This is the wreckage of a German First World War U-boat which has been marooned on mudflats off the Kent coast for nearly a century. Experts say it is the only German submarine visible in UK waters today. They believe it could be UB-122 - one of more than 100 U-boats surrendered to the British at the end of the war. Today the wreckage can still be seen beached in a remote area of mudflats on the banks of the River Medway in Hoo, Kent.
10 big myths about World War One debunked
Much of what we think we know about the 1914-18 conflict is wrong, writes historian Dan Snow. (1) It was the bloodiest war in history to that point. Fifty years before WW1 broke out, southern China was torn apart by an even bloodier conflict. Conservative estimates of the dead in the 14-year Taiping rebellion start at between 20 million and 30 million. Around 17 million soldiers and civilians were killed during WW1. (3) Men lived in the trenches for years on end.
Nearly 4,000 first world war diaries made available online
First-hand accounts of trench warfare, gas attacks and horseback battles digitised by National Archive and Imperial War Museum.
World War One: Circus animals like elephants helped Britain
As World War One raged, the military purchased most of England's horses and sent them to the Western Front. Many farmers and traders had to find alternative beasts of burden, but none more exotic than elephants. On the cobbled streets of industrial Sheffield an Indian elephant dutifully lumbered along. Her task was important - she had to cart munitions, machines and scrap metal around the city, a job previously done by three horses. Lizzie - as she was known - was used to performing tricks as part of a travelling menagerie. But with the outbreak of WW1 she was conscripted to help with heavy labour, fitted with a harness and sent to work at a scrap metal merchants.
Harry Drinkwater's WWI diary paints vivid and visceral picture
"This is not war it's slaughter. No man, however brave, can advance against a sheet of bullets from the front and a shower of shells from overhead - it appears to me that the side who will win will be the one who can supply the last man." That bitter assessment of WWI was written in pencil by Harry Drinkwater in a pocketbook he kept in his tunic pocket. He joined the Birmingham Pals Battalion as a Private at the outbreak of the war, and served as a front-line soldier all through the conflict, becoming an officer and winning the Military Cross. He won the medal in 1918 after he continued to lead a trench raid despite being badly wounded in his leg.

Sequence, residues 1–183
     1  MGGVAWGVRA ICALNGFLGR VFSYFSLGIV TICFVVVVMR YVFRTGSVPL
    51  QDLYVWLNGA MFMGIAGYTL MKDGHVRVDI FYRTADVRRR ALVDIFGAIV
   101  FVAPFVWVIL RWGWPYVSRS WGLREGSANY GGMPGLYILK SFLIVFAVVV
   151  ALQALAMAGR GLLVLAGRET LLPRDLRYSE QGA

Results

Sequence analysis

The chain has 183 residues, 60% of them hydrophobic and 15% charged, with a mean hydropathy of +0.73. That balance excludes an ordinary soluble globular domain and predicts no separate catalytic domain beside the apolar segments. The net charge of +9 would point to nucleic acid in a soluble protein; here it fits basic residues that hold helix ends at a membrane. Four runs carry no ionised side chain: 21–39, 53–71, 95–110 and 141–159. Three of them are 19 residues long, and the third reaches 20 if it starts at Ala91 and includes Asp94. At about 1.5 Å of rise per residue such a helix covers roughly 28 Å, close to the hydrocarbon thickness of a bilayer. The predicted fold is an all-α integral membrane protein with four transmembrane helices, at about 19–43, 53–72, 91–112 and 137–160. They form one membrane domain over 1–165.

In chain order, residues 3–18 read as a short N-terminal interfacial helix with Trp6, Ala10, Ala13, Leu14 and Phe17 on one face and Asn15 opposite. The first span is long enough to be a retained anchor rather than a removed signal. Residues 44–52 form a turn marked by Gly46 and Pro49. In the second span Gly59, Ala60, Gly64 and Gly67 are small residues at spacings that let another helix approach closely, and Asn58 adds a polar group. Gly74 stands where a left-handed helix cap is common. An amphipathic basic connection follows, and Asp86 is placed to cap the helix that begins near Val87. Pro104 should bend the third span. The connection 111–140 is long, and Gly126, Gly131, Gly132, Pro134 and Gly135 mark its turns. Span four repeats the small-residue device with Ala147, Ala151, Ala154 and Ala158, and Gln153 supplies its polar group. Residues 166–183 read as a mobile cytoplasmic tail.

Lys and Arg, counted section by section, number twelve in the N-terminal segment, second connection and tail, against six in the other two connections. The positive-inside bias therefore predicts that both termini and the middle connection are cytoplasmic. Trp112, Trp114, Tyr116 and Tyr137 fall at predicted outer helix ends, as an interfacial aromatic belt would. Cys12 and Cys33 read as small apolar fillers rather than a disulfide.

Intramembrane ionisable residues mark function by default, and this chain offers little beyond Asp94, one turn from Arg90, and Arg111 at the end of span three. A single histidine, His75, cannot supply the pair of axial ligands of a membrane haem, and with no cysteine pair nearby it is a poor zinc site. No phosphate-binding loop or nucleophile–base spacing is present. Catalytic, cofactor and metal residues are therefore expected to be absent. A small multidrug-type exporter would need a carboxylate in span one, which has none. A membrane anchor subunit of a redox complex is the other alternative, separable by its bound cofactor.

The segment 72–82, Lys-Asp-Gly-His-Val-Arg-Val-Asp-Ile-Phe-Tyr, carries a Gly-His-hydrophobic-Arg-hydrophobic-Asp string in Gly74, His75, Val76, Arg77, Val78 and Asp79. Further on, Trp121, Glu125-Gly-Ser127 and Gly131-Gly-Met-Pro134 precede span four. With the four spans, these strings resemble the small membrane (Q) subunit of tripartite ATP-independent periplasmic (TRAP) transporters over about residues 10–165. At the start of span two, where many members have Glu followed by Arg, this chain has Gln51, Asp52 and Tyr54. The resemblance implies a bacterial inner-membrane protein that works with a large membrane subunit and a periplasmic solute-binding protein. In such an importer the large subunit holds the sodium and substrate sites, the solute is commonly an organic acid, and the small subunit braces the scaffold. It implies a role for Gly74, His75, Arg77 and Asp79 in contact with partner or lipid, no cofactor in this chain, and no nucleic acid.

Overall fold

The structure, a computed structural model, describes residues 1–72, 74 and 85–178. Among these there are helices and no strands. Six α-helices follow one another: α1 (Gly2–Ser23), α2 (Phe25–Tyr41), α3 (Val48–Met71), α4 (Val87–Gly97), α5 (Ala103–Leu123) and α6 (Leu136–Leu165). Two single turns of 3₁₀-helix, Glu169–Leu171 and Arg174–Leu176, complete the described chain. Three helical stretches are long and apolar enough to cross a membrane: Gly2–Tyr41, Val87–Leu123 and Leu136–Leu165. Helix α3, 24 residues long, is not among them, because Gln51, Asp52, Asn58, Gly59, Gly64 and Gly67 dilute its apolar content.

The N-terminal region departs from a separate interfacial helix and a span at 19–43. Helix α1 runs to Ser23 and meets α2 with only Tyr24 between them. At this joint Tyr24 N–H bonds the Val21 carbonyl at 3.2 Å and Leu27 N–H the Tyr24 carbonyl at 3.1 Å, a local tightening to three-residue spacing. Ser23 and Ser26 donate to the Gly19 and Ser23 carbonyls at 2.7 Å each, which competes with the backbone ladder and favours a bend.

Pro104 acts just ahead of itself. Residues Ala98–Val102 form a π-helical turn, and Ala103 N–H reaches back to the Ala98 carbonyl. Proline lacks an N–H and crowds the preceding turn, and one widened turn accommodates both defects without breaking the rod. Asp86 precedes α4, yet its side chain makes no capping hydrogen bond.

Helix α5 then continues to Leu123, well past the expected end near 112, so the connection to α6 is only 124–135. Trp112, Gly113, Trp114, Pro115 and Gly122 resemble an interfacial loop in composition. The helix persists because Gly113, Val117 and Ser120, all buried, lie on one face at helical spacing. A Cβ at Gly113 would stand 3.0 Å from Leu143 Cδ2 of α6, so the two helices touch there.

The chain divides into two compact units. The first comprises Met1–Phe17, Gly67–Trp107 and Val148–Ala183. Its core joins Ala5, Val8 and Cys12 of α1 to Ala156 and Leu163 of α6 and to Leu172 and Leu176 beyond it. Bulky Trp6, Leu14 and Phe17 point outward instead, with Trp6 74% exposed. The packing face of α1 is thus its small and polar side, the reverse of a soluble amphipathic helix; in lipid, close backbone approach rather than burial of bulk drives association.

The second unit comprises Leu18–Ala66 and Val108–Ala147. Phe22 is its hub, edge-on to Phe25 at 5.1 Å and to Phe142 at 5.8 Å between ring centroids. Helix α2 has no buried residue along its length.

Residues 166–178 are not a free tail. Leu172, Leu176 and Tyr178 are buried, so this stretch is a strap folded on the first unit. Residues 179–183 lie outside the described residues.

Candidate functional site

The First World War in 100 Objects
A book telling the story of the First World War through the objects that shaped it is to be published. Designed to commemorate the centenery of the outbreak of the Great War, The First World War in 100 Objects features a collection of eclectic items such as a flying helmet, rum jar, Mills bomb and Winston Churchill's cigar. Fully illustrated, each object is put into context and its significance highlighted. The items have been chosen by Professor Gary Sheffield, one of the world's leading experts in military history of the First World War.
World War One in Wales digital archive launches with 220,000 digitised documents
The Welsh Experience of the First World War highlights newspapers, photographs, film and other items from sources including universities and BBC Wales. The National Library of Wales project has digitised 220,000 documents, including telegrams informing people that their loved one had been killed. Oral history recordings from the South Wales Miners' Library are also part of the archive, and BBC Wales has included more than 500 minutes of audio and audio visual material.
The First World War (August 1914 to November 1918) is also known as the Great War, The War to End All Wars, World War I and WW1.
Many of the bloodiest battles in military history occurred during the First World War. In trench warfare hundreds of soldiers died for each yard of land captured. Artillery with fragmentation shells caused the most casualties and made massed infantry attacks futile.